There will be areas within the park for various activities, such as an open jump area, a basketball jumping area, a foam pit, a runway for gymnastics, two dodgeball courts and an area for children 5 and under.

“Our whole concept is different than a lot of other trampoline parks around the area,” Becker says.

He says he knows he has competition, but Becker says being from Wichita, he and his wife feel like they know the market.

“We’ve specifically chosen that area,” he says of the west side.

Becker says it’s easily accessible from the east and west sides since it’s along Kellogg, and it’s especially close to the growing areas of Goddard and Maize.

The Beckers hope to open sometime in November.

Jon Becker isn’t sure if this will be the family’s only Urban Air.

“Can Wichita justify an east and a west? I don’t know,” he says. “Right now we’re just holding the reins back.”

Becker says he is excited to have his daughters see the business come to life.

“We’re doing this all as a family project.”

Becker, who has been in medical sales, and his wife, who is a first grade teacher in Andover, have always wanted their own business, he says.

“This is the first idea my wife’s ever actually agreed with me on.”

You don’t say

“It’ll be finally nice to have money at least coming two directions instead of just going one direction.”

Mike Dandurand on getting the new Dandurand Drugstore open at 21st and Ridge

Firefly Yoga Studio to go on the road; Satya Moon Yoga to open in its place

WICHITA — Firefly Yoga Studio owner Nickki Head is taking her business on the road.

“I have decided to sell the studio space to my lead instructor,” Head says of Katerina Gavin. “It’ll be a really smooth transition.”

Gavin is renaming the studio, which is in the Shops at Tallgrass at 21st and Rock Road, Satya Moon Yoga. That loosely translates to unchanging truth or absolute truth.

Head opened Firefly three and a half years ago and added a west-side studio in 2012. The west-side space, which is at at 2313 Zoo Park Blvd., is closing at the end of this month.

The east-side studio will close Aug. 31 and reopen as Satya Sept. 1.

Head then will move to Denver where she has family and, at least initially, do guest teaching at various yoga studios around the Midwest.

“Owning a studio kind of ties you down to one location,” Head says. “I really just want to keep traveling with it right now.”

Head says it’s been a fantastic run here.

“I’ll be sad to leave Wichita but definitely excited for the next chapter in my life.”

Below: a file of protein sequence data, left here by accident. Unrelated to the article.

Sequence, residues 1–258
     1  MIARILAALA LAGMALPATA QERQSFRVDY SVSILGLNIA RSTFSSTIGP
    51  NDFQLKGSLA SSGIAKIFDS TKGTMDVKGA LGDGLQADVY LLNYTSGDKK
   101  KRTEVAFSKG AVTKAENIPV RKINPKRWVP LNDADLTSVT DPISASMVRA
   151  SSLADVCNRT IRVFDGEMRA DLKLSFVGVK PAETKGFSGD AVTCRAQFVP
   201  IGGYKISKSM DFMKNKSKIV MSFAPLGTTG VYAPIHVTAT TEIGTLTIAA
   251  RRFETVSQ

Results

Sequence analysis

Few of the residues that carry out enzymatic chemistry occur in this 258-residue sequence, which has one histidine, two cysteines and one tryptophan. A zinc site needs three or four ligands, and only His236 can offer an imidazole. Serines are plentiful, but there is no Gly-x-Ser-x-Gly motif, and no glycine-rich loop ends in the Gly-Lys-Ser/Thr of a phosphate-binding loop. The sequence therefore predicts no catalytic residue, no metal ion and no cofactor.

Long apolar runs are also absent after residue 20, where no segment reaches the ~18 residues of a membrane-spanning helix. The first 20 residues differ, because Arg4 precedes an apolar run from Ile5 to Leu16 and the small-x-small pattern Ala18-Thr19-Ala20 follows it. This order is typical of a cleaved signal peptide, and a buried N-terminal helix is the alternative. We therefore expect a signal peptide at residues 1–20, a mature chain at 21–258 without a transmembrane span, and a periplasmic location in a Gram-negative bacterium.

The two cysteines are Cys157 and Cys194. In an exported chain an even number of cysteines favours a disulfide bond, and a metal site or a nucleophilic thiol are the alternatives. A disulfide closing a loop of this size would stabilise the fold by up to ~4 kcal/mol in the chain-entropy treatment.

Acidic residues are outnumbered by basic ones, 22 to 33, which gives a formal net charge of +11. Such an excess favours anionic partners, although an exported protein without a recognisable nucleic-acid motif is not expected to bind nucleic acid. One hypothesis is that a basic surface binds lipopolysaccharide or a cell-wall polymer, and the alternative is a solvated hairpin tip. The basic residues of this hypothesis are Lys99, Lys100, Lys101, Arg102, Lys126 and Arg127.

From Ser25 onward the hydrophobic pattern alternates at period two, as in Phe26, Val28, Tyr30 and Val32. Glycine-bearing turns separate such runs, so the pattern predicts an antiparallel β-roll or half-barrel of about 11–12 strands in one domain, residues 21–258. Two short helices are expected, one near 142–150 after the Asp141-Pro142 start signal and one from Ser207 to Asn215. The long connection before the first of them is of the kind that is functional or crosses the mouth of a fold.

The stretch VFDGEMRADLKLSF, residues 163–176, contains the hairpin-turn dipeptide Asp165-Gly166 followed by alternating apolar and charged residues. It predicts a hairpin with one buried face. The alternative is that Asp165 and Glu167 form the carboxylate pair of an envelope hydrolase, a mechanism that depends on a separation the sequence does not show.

Jacque Inc. Photography to move within Old Town

UPDATED — Photographer Jacque Waite is moving her Jacque Inc. Photography within Old Town this week.

Waite’s studio and office has been to the east of Caffe Moderne for three and a half years, but the Morris, Laing, Evans, Brock & Kennedy, Chartered law firm will be expanding into her space.

The studio now will be on the first floor of the Grant Telegraph Centre at 140 N. Mead.

At the new space, Waite says she’ll be sharing her studio with Method Productions.

Waite says her work doesn’t depend on her studio being especially visible, but it may now have more exposure than it has had.

“I ended up in some people’s Facebook pictures … when they’re at Oeno,” she says. Otherwise, Waite says, “I don’t think people always see it.”

Nectar of the Gods Vape Shop to open in Sweetbriar at 21st and Amidon

WICHITA — Before he decided to open his own electronic cigarette shop, David Ford tried to count how many there already are in Wichita.

It’s hard to come up with an exact figure, but suffice it to say there are a lot.

That didn’t deter Ford, though, who is opening Nectar of the Gods Vape Shop in the Sweetbriar shopping center on the northwest corner of 21st and Amidon.

“There’s two hookah lounges right there … but there’s no vape shops in any kind of proximity to that area,” Ford says. “That’s the whole reason I went there.”

The store will open in early September. Ford may open more shops after that.

“I would like to,” he says. “We’ll see how it works out.”

Andy Boyd of Walter Morris Cos. handled the deal.

Ford says the juices that people can vape come in all sorts of flavors, such as a New York cheesecake that offers all of the flavor “without all the … guilt of the calories you’re putting on.”

“It’s basically nectar,” he says of the juices.

He says nectar of the gods is fabled to have lifesaving powers.

“If you get people off of smoking, they can live a little longer,” Ford says. “That’s the whole point behind Nectar of the Gods.”

You don’t say

“In our town of 10,000 people, we have the kind of lifestyle filmmakers try to re-create.”

– An excerpt of a winning essay, “Say Hello to Haysville,” that Susan Armstrong of Armstrong Chamberlin Strategic Marketing wrote for a Shelter Insurance contest

Panda Express to open at Derby Marketplace

WICHITA — Panda Express is going to open a third Wichita-area restaurant, this time in Derby.

The fast casual concept will go in the Derby Marketplace at Meadowlark and Rock Road. Panda will be in 2,350 square feet on the opposite end of the building where Starbucks is.